The November general election is just over a month away, and Maryland voters will weigh in on a variety of ballot measures — including marijuana legalization.
A new poll conducted by the Washington Post and the University of Maryland suggests the majority of registered Maryland voters support the legalization of marijuana.
Nearly 3 in 4 of those surveyed, 73%, indicated their support for the measure to legalize “the use of cannabis” by July 2023 for residents aged 21 or older.
Data from the poll, which surveyed 810 registered voters by phone between Sept. 22 and Sept. 27, showed that support for the measure is as diverse as it is widespread. The poll’s margin of error is plus or minus four points.
“Across almost every category that we usually look at — party, ideology, age, sex, education level, race, ethnicity — there are pretty sizable majorities of people who support legalizing marijuana in the state of Maryland,” said Michael Hanmer, director of the University of Maryland’s Center for Democracy and Civic Engagement.
While a majority of voters are in favor of legalization, certain groups expressed a higher degree of support than others.
Results showed that while a majority of Republicans support the measure, they are less supportive overall than Democrats. Slightly more than half, 53%, of registered Republicans said they support the measure compared to 78% of registered Democrats.
Older adults also expressed less overall support for legalization than their younger counterparts, though a majority was still in favor. Of those aged 65 and older, 52% indicated their support in the poll, compared to 87% of those aged 18 to 39 and 72% of those aged 40 to 64.
While it’s not certain the measure will pass, Hanmer said “with that level of support, even if it goes down somewhat, it’s likely based on what we’re seeing in these results.”
It’ll appear as Question 4 on November’s ballot. If approved, Maryland would become the 20th U.S. state to legalize adult recreational use of the drug. Residents of neighboring D.C. voted to legalize recreational use of marijuana in 2014; Virginia did so last year.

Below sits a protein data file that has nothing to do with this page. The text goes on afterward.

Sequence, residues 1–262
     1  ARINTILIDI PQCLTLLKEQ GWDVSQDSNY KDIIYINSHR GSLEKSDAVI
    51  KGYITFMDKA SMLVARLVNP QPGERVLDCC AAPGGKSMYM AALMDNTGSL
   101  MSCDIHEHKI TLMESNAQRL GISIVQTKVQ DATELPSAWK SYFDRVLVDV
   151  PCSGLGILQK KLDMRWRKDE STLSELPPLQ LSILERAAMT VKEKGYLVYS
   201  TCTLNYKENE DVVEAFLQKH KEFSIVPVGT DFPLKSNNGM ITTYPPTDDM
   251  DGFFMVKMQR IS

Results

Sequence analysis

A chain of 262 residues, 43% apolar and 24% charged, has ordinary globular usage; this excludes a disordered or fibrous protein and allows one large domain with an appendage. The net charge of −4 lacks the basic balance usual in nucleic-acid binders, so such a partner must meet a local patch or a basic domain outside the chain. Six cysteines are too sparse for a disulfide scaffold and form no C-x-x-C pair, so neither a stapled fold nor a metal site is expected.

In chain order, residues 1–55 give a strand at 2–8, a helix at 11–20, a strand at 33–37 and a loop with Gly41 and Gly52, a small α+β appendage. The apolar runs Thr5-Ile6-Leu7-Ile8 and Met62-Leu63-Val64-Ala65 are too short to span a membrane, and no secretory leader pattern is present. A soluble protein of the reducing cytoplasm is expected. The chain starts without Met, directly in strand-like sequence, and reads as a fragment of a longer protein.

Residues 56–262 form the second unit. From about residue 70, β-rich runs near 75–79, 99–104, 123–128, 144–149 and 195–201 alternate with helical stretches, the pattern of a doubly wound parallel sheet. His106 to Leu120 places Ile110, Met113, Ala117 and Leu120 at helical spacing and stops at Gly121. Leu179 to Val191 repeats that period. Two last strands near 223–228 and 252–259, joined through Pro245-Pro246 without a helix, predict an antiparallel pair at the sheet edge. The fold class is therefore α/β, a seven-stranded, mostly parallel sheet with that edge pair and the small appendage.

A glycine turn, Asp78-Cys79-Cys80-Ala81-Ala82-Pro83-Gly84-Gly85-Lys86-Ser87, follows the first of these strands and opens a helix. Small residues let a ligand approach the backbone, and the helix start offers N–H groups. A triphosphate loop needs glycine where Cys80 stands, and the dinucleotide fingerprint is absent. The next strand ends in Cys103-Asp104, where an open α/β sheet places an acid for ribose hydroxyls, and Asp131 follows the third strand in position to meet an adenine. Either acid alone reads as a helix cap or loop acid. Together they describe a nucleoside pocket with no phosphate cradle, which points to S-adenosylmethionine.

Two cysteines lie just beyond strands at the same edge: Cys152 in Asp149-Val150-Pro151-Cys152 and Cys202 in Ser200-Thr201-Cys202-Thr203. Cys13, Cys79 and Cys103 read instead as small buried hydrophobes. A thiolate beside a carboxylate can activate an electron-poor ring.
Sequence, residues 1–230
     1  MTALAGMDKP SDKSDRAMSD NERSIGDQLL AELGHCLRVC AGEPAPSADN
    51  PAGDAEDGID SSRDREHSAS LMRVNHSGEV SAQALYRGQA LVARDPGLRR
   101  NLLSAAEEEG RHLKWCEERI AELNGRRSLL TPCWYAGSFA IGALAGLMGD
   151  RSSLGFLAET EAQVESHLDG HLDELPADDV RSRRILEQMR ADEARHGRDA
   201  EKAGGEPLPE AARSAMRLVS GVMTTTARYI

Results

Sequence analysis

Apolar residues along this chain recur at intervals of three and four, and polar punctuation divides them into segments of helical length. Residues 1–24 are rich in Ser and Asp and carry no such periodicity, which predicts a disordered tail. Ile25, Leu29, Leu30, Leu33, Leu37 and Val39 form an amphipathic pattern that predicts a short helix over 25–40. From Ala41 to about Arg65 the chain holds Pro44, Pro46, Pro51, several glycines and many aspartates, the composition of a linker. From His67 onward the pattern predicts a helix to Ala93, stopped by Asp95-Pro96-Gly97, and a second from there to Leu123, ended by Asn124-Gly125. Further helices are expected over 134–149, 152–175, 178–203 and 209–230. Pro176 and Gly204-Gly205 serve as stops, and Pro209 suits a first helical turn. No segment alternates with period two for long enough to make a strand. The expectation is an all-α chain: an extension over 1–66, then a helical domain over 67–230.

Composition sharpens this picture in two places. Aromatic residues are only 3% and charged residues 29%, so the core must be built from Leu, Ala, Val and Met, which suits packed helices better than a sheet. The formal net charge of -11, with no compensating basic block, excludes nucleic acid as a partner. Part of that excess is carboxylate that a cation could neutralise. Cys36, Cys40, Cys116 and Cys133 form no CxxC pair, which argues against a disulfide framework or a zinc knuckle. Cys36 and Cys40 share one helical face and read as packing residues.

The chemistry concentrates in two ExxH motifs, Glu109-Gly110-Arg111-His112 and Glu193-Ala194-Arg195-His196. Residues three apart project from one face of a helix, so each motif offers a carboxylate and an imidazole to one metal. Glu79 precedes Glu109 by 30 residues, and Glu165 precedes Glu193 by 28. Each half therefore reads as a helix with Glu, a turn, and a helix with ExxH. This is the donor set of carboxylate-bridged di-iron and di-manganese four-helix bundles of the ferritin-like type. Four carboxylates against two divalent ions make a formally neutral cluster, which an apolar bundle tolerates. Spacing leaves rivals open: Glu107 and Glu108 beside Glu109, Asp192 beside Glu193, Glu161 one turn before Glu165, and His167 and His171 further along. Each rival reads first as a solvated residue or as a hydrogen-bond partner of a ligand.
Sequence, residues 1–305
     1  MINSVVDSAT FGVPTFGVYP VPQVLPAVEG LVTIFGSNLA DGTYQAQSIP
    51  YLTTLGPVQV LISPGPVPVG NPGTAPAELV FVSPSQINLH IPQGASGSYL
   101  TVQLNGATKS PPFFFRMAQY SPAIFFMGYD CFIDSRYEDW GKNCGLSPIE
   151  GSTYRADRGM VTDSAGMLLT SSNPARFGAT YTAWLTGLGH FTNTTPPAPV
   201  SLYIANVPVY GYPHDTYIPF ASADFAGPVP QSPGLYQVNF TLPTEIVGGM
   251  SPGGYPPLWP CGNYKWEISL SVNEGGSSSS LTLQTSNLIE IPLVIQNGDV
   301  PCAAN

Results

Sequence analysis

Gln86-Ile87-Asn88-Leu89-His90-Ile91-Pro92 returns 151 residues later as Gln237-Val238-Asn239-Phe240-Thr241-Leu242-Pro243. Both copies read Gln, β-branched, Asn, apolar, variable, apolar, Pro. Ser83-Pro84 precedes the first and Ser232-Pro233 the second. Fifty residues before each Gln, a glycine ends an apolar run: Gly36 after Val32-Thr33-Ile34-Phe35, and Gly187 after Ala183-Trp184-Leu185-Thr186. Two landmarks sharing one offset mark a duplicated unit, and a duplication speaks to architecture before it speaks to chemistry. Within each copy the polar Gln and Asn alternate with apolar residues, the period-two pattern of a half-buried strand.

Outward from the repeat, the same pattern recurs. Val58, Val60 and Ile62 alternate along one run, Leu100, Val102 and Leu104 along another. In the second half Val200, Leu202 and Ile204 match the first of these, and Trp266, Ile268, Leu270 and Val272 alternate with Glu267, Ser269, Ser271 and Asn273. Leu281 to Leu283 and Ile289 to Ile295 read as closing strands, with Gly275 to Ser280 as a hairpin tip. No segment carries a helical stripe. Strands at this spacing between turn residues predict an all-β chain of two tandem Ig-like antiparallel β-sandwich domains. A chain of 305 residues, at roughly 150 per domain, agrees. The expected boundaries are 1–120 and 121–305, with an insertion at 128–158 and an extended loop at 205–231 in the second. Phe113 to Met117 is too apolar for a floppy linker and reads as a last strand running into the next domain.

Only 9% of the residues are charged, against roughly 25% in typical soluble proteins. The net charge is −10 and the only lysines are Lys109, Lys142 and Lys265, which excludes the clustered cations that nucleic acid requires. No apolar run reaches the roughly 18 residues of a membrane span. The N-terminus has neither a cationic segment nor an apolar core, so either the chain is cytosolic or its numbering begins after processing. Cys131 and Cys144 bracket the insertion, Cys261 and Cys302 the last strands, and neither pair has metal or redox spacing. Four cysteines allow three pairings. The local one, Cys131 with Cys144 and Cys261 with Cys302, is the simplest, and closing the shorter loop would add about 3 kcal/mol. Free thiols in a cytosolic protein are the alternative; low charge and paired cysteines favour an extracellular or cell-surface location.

Maryland already has a legal medicinal marijuana program, in step with 36 other states and the District. Hanmer said Maryland’s current stance on marijuana, among other factors, could explain the overwhelming support for enabling recreational use.
“People are getting more comfortable with it,” he said. “We’ve had the experience of seeing it implemented in a number of other places. And I think people have learned from that experience. We haven’t seen, to the best of my knowledge, a lot of the potentially negative outcomes that people might have been concerned about in these places that it’s largely worked pretty well.”
Hanmer added: “I think that helped get people to gain a better understanding of the pros and the cons, and to certainly look at the pros differently than they might have otherwise — something different from a purely recreational issue, for example.”
Surveys have consistently shown that most Marylanders favor legalizing the drug, but the most recent poll suggests broader support than in prior surveys.